Belfast Docks. Northern Ireland.

A wee journey backwards today, backwards to April 1912… no … even earlier still. Let’s go…

Forget about the more than 1,500 souls that slipped and plunged into the dark and icy Atlantic drink and perished.

Forget about the names and faces of the rich, the powerful, the notable (John Jacob Aster, Molly Brown, authors, heirs, heiresses) who put up the funds and found the drive to build a mountainous, unsinkable craft of the sea.

Forget about Leonardo and Kate playing cutesy kite at the bow of the ship or steamily sucking face in the car below deck…

And now, put your head around the thousands of Belfast poor and plebeian who got up each day in 1910, 11, and 12, and brought themselves to the dockyards of Harland and Wolff where they used their muscles and brawn to build a ship beyond most imaginations’ scope… a floating miracle of the day…

… with simple tools, buckets of sweat, and impressive skill sets.

They put the pieces of the massive jigsaw puzzle together, saw the change from the boatyard’s original name of the ship from Number 401 to TITANIC, and brought it to life.

Today, the Titanic museum sits on this same site in Belfast, the very same site where Titanic and sister ship Olympic were built from nothingness to majestic floating miracles of the day.

Last week, we took this trip through time in the impressive – yes, you might even describe it as titanic – museum dedicated to Belfast and its incredible construction of the epic ship.

The museum itself is enormous in size and takes you on a tour of time, back through the history of Belfast, before the “troubles” of Northern Ireland… back to the time and place…

… back through moody, dimly-lit hallways with interactive displays showing where early plans were hatched… large cavernous rooms containing dozens of men (always men) poring over blueprints and rolls of paper designs they sketched and debated and finalized. Painstaking work by great designers and engineers of the day.

And then, one day, March 31, 1909, the work began in laying the keel on these docks from nothing but a dream and a gargantuan supply of metal, wood, glass, and thousands of Belfast, blue-collar workers.

Here, the 3,000 workers and 3,000,000 steel and iron rivets were hand-driven and hammered into place one at a time by 4 men in a crew. The rivets used in the front of the ship – made of weaker iron rather than steel, were the ones that struck the iceberg.

Two men on either side of the hull hammering in one rivet at a time

Over 2 years, 8 construction workers died and hundreds were injured.

(There was an unwritten expectation in shipyards at the time of ‘one death for every £100,000 spent’, so at a build cost of £1.5 million , the Titanic’s toll was less than the 15 deaths that might have been expected. Early good news.)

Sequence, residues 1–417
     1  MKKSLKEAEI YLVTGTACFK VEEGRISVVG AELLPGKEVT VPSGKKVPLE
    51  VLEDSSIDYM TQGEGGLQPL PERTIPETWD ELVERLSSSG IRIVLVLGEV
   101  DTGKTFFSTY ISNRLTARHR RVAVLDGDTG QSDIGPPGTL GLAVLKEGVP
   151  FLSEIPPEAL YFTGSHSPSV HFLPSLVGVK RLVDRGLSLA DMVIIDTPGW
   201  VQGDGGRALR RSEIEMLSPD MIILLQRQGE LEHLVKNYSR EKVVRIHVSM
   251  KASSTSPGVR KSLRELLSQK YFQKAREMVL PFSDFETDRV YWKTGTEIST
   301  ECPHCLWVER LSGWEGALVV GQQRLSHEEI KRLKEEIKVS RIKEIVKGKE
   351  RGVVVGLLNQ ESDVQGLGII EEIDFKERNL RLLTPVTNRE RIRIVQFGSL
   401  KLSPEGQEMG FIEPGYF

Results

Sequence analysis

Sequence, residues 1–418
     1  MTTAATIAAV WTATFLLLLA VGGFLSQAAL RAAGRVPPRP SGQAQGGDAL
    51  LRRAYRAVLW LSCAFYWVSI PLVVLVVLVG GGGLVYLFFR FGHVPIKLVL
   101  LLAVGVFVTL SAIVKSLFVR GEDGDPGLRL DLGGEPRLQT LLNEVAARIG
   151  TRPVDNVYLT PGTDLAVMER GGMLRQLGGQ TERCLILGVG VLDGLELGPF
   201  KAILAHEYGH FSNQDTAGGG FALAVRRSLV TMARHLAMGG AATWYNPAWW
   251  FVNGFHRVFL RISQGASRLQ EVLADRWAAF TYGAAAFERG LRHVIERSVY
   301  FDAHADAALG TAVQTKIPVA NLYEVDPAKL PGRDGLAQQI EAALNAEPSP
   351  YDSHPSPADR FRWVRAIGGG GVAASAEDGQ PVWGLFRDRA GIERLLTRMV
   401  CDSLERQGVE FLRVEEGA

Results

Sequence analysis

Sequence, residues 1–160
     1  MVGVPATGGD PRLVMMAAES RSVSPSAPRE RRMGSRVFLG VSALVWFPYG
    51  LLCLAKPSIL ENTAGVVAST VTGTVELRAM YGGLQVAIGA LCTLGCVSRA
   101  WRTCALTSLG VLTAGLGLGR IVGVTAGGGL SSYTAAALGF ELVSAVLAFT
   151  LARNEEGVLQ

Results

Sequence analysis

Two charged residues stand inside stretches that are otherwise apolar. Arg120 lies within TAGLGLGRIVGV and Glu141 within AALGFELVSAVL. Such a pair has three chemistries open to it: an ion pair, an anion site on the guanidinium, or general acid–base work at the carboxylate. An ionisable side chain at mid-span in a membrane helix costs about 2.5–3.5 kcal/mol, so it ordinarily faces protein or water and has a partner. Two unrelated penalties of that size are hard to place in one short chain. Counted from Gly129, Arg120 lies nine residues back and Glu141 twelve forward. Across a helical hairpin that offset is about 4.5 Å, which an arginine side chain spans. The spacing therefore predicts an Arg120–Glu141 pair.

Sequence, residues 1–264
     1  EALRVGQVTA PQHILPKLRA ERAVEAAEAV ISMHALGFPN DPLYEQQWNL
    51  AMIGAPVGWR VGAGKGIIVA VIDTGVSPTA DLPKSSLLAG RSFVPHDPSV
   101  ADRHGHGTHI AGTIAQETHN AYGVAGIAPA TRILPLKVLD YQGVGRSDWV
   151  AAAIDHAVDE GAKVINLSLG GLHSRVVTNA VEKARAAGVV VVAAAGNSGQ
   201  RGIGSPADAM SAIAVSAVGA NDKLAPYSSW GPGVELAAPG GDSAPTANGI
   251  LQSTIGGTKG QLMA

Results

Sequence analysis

A few key “lucky” blokes were even given a free passage on the inaugural sail.

The workers toiled on average 49 hours weekly for the sum of £2.

Finally, twenty six months later, on a clear and momentous May 31, 1911… at 12:13 pm, the 882 foot-long Titanic slid over tons of tallow- into the Belfast Lough, where it sat for almost another year while the glamorous inside fittings were built before she could sail.

Author/photographer William MacQuitty watched the launch saying, “Slowly gathering speed, the Titanic moved smoothly down the ways, and a minute later was plunging into the water and raising a huge wave. I felt a great lump in my throat, and an enormous pride in being an Ulsterman.”

The museum takes you through all of this with dramatic displays and personal stories of those who did the rigorous work.

At one point, a Disney-like ride carries you through the dark, inner workings of the ship during its building phase… up and down you travel through the bowels of the hull of the Titanic with blasts of heat emanating from the furnaces that prepared the rivets for attachment amid ear-piercing hammering and engine noises blasting.

Anchor makers on the Titanic

In less than a year, the Titanic lay quiet on the floor of the Atlantic, broken and memorialized as a grave to hubris and optimistic thinking. The demise of the RMS Titanic was the fault of the designers, not the shipbuilders who made the incredible ship.

The hardworking breadwinners of Belfast at Harland and Wolff continued making ships in Belfast for many more years until the last one was launched in 2003.

Today, their memories lie buried inside this formidable museum on the Belfast waterfront where the world can gain insight into their lives and their world… the memories of an underwater “museum” captured above-ground on the dockyards of Harland and Wolff.

PS As a final notation to this trip, a visit to Ireland and Northern Ireland are a sensory delight with fabulous dramatic vistas.

Beautiful narrow roadways lined with hedgerows or stone walls for driving, and friendly, enthusiastic country folk who share the pride they feel in their lush homeland and history.

Add in some pints of Guinness, a dram of Irish whiskey, or a Shepherd’s Pie made with stout, and an Irish lilt will come to your lips with you hardly even noticing.

After left-shifting a rental car for more than 2,000 kilometres on bucolic Irish backroads, I can proudly attest that I only struck blood-curdling fear into my car’s internal residents and the good citizens of the Emerald Isle a few (dozen) times!

Titanic launch May 31, 1911.